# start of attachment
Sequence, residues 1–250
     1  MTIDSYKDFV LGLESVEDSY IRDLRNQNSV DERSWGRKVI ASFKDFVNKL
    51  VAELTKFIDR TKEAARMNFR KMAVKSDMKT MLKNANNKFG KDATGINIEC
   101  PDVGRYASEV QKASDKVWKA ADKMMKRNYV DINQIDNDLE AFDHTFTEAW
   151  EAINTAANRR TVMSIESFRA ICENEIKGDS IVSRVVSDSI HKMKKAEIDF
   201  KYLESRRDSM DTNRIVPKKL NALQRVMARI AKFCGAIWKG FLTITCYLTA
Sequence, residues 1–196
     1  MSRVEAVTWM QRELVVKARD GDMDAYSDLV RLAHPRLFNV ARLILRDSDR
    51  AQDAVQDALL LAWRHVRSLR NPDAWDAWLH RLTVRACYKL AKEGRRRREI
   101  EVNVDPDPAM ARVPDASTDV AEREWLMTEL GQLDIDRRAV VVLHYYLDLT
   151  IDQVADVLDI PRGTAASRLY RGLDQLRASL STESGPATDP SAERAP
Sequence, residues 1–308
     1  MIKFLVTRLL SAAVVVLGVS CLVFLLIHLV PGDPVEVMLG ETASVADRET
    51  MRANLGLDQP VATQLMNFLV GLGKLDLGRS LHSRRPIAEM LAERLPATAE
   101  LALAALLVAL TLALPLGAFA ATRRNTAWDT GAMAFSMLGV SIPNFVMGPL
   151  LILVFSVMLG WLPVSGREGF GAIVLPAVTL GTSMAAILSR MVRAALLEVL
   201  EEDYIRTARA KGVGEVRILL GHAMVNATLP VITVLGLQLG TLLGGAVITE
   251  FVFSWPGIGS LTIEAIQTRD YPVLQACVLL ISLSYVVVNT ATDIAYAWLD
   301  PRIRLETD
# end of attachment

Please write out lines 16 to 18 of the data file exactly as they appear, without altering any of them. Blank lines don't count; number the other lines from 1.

   151  LILVFSVMLG WLPVSGREGF GAIVLPAVTL GTSMAAILSR MVRAALLEVL
   201  EEDYIRTARA KGVGEVRILL GHAMVNATLP VITVLGLQLG TLLGGAVITE
   251  FVFSWPGIGS LTIEAIQTRD YPVLQACVLL ISLSYVVVNT ATDIAYAWLD